Senior living needs federal relief slide

The senior living industry is in “jeopardy” as coronavirus cases spike throughout the country, and has an immediate need for “on-the-ground resources” for personal protective, testing and staffing, according to industry experts participating in an Argentum Capitol Hill briefing on Thursday.

Argentum called on Congress and the administration for targeted, direct relief to assisted living, independent living, memory care and continuing care retirement communities in a spending bill prior to the Dec. 11 expiration of the current appropriations package. 

“These communities have been left far, far behind despite the fact that they care for the same, vulnerable people” as nursing homes, said Maggie Elehwany, Argentum’s senior vice president of public affairs. “This disease does pick winners and losers, and sadly, it’s often this aging population.”

Senior living communities, Elehwany said, offer choice for families who don’t have the ability to care for their loved ones, dignity for the final years of life and security that older adults are being cared for 24 hours a day. 

Compounding losses

The senior living industry is projecting losses of $11 billion to $15 billion due to additional PPE, staffing and infection control costs during the pandemic. Additional staffing is needed for testing, monitoring and implementing of enhanced infection control and cleaning protocols, according to executives. Compounding these losses are drastic reductions in resident move-ins due to the pandemic. 

Some communities, Elehwany said, are reporting a 75% decline in move-ins compared with the same period in 2019. An Argentum survey revealed 45% of assisted living, memory care and other senior living providers have yet to receive grants from the Provider Relief Fund of the Coronavirus Aid, Relief, and Economic Security (CARES) Act, and almost 40% of providers said they foresee closures without additional help. 

“These losses are long-term, compounding and unsustainable,” Elehwany said, adding that providers are trying to “hold on” and prepare for a tough road ahead as coronavirus cases increase. “Congress and [the Department of Health and Human Services] have forgotten part of the most vulnerable population to COVID-19 — that is the senior populations that live in senior living, memory care and continuing care retirement communities. That is 2 million seniors out there — more than the number of seniors that live in nursing homes.”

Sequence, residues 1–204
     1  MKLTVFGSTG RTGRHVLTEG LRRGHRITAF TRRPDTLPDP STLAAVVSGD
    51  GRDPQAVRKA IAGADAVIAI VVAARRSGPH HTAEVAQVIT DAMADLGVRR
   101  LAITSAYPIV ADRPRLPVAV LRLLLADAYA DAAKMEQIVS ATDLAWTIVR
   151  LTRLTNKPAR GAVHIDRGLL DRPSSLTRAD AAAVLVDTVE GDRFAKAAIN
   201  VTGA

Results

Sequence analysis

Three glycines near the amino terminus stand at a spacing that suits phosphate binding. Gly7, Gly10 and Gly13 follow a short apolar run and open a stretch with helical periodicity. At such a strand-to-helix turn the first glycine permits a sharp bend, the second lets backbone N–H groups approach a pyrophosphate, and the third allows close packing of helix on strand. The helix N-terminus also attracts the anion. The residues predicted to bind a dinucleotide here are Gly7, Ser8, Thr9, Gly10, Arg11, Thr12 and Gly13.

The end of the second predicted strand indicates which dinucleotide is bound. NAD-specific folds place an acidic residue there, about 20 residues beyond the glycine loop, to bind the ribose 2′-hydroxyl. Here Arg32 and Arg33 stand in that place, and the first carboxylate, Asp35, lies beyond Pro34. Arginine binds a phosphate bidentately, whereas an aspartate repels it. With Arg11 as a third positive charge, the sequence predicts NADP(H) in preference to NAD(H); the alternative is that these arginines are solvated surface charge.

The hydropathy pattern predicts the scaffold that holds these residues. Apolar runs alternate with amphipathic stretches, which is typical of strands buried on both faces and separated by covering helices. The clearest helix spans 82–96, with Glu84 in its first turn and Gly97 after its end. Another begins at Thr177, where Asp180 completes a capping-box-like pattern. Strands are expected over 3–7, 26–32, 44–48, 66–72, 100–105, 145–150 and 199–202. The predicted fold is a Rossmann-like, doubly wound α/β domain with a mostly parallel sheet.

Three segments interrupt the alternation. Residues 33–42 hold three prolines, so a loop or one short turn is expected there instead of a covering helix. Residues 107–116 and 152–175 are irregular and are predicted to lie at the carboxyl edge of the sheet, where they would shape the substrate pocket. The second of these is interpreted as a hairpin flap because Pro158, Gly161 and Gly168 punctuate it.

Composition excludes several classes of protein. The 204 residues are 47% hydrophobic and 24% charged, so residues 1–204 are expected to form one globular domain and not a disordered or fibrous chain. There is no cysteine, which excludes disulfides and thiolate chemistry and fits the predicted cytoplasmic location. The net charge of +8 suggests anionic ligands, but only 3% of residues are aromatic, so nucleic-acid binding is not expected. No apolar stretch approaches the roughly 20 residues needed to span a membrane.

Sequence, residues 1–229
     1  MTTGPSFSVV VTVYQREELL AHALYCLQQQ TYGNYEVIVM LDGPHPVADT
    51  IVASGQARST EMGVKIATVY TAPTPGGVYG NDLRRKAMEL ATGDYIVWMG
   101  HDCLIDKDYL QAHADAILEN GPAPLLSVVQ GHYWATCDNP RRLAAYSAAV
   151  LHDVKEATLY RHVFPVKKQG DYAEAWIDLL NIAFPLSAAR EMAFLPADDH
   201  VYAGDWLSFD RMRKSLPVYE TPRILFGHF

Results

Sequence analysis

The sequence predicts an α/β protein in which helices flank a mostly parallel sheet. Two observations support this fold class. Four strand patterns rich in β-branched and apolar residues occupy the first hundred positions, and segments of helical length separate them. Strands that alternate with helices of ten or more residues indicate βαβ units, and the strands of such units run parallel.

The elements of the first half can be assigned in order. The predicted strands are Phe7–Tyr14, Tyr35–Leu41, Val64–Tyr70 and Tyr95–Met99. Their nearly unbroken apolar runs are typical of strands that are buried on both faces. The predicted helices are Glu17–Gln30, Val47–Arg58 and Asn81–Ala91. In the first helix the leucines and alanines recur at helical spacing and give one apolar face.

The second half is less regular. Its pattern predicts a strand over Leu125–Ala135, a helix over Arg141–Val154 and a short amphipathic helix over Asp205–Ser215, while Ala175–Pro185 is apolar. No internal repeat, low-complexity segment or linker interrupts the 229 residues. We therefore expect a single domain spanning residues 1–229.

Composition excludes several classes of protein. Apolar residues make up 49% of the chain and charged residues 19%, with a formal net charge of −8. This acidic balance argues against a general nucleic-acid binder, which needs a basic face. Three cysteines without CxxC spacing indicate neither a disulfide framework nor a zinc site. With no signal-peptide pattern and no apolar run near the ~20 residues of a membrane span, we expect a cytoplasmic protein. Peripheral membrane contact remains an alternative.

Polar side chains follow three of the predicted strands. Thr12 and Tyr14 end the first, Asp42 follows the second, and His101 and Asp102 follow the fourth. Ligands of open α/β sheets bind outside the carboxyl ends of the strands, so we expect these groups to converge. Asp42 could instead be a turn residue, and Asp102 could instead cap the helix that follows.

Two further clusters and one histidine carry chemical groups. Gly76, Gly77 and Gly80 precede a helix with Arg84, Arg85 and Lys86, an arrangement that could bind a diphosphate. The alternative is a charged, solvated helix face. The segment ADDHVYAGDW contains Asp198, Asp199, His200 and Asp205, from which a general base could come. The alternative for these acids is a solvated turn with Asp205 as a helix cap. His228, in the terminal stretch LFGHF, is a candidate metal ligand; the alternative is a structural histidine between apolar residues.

If communities are forced to close, it affects not only more than 1 million employees but also the 2 million residents who chose those communities as “their last home,” she said.

“These are facilities families selected to end their years in safety, security and direct care,” Elehwany said. “All of that will be uprooted if these are forced to close.”

Paul Williams, Argentum’s vice president of government relations, said that senior living helps preserve the safety net for older adults in America, providing care at half to two-thirds the cost of a nursing home stay. 

“Senior living communities provide less restrictive, more affordable settings than nursing homes and save American taxpayers billions of dollars in Medicaid long-term care costs,” Williams said, adding that surveys show satisfaction scores in the 90th percentile for residents and families. “Not only are they saving money and living in less restrictive settings, but they are very happy in these settings.”

Caregiver fatigue

The other critical factor in the COVID-19 crisis are the caregivers providing that direct care. 

Chris Hyatt, president of New Perspective Senior Living, said that senior living is providing increasingly specialized care to residents, adding that “pandemic fatigue is real” among the more than 1 million front-line caregivers.

“We’re caring for more seniors than nursing homes and hospitals combined, yet we have only received a fraction of provider relief funds,” Hyatt said. “We’re approaching a point of unsustainability.”

Elehwany pointed out that the first distribution of aid to senior living was in September and only covered 2% of expenses. Many providers are still waiting for that relief to arrive. 

“Here we are eight, nine moths into this pandemic, and some facilities are just getting their first trickle of relief,” she said. “We can’t do that to these senior populations. We need direct, targeted funding now.” 


Another challenge facing the industry is testing, briefing participants said. Elehwany said much of the federal testing disseminated to long-term care facilities is insufficient or inaccurate — there are not enough tests to meet needs, and state and local mandates often require additional polymerase chain reaction (PCR) molecular testing, with costs incurred by communities. 

And although the federal government has purchased and distributed rapid response Abbott BinaxNOW tests to yellow and red counties with higher rates of COVID-19 cases, Elehwany said all facilities are in need of testing to help mitigate the spread of the virus. 

Hyatt said senior living needs PCR tests — the gold standard for testing — calling it an efficient, effective and inexpensive way to mitigate the spread of the virus, along with masking, hand hygiene, PPE and social distancing. Antigen tests, he said, are not the best use of testing in asymptomatic individuals.

“We could truly start to see the mortality rates drop across the country if more was put toward these millions of seniors instead of just popup tents all over the country for everyone else,” Hyatt said. “If we really want to truly protect the vulnerable we serve, we need to move swiftly to that type of testing.”

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